ASCAP AND THE RADIO MUSIC LICENSE COMMITTEE ANNOUNCE NEW AGREEMENT
The Radio Music License Committee (RMLC) and the American Society of Composers, Authors and Publishers (ASCAP) today announced a new five-year agreement through 2021 that sets the rates payable by over 10,000 of America’s commercial terrestrial radio stations to publicly perform more than 10.5 million musical works in the ASCAP repertory. The RMLC represents the vast majority of the nation’s radio stations and ASCAP represents 600,000 songwriters, composers and music publisher members whose songs and compositions comprise the largest catalog of music played on commercial AM/FM radio of any performing rights organization in the United States.
The agreement covers the five-year period 2017 to 2021. It provides for increases in the rates paid by radio stations to perform music by ASCAP members via terrestrial, over-the-air broadcasts as well as certain digital transmissions and, for the first time, expressly affirms the percentage share of radio performances represented by ASCAP – at a level that reflects that ASCAP licenses more performances on broadcast radio than any other performing rights organization. ASCAP CEO Elizabeth Matthews commented: “We are confident that our new agreement will provide enhanced financial benefits to ASCAP songwriters, composers and music publishers at a time of tremendous disruption in the music industry.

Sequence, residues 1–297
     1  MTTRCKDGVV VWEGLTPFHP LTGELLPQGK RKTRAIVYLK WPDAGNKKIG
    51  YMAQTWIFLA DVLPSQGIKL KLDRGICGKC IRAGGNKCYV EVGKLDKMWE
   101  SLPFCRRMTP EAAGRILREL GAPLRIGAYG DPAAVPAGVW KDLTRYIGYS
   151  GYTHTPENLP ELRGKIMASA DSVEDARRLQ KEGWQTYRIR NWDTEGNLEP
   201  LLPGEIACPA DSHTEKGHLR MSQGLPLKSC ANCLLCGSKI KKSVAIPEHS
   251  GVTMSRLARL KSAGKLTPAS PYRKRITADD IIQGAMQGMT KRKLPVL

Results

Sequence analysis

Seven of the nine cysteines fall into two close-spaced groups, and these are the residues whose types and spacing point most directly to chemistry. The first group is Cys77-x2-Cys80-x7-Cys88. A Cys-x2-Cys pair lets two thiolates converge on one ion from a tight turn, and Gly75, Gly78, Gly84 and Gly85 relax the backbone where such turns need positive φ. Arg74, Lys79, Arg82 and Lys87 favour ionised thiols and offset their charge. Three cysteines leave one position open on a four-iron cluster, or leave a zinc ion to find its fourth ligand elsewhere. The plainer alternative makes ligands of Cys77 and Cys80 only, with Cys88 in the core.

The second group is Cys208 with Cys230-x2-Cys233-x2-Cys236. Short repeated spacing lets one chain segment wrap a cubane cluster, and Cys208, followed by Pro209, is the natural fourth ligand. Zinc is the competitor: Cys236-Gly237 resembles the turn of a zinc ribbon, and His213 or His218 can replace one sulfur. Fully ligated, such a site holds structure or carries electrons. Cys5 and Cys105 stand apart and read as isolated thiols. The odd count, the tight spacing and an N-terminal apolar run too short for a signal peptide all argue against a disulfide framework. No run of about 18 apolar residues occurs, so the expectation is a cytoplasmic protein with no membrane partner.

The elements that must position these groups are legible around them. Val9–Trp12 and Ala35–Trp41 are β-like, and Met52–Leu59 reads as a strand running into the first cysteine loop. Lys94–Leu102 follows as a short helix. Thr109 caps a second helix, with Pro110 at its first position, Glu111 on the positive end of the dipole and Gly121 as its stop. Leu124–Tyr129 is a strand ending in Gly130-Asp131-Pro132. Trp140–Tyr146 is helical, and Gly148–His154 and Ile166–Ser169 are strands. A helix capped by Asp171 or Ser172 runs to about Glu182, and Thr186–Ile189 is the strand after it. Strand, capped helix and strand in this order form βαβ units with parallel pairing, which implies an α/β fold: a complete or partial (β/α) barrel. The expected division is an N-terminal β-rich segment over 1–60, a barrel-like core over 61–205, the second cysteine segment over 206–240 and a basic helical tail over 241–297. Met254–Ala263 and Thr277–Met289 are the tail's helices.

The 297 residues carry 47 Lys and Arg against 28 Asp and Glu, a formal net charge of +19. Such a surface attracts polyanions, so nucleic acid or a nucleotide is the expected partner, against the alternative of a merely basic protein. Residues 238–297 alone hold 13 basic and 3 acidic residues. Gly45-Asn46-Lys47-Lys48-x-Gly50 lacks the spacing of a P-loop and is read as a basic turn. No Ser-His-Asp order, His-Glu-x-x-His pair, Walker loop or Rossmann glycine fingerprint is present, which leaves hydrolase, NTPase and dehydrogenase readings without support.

Reaching a voluntary agreement with the terrestrial radio industry enables ASCAP to stabilize and grow revenues for our members while continuing to aggressively advocate for regulatory reform to modernize the music licensing system.” RMLC Chairman Ed Christian commented: “This agreement demonstrates how the creative and music user communities can work together in good faith to produce an outcome that is positive for both sides. The increase in ASCAP fees is consistent with ASCAP’s established spin share on radio. We are pleased to close this deal ensuring that there will be no interruption in ASCAP music being performed on American radio at a time when the music licensing landscape has become increasingly complex.”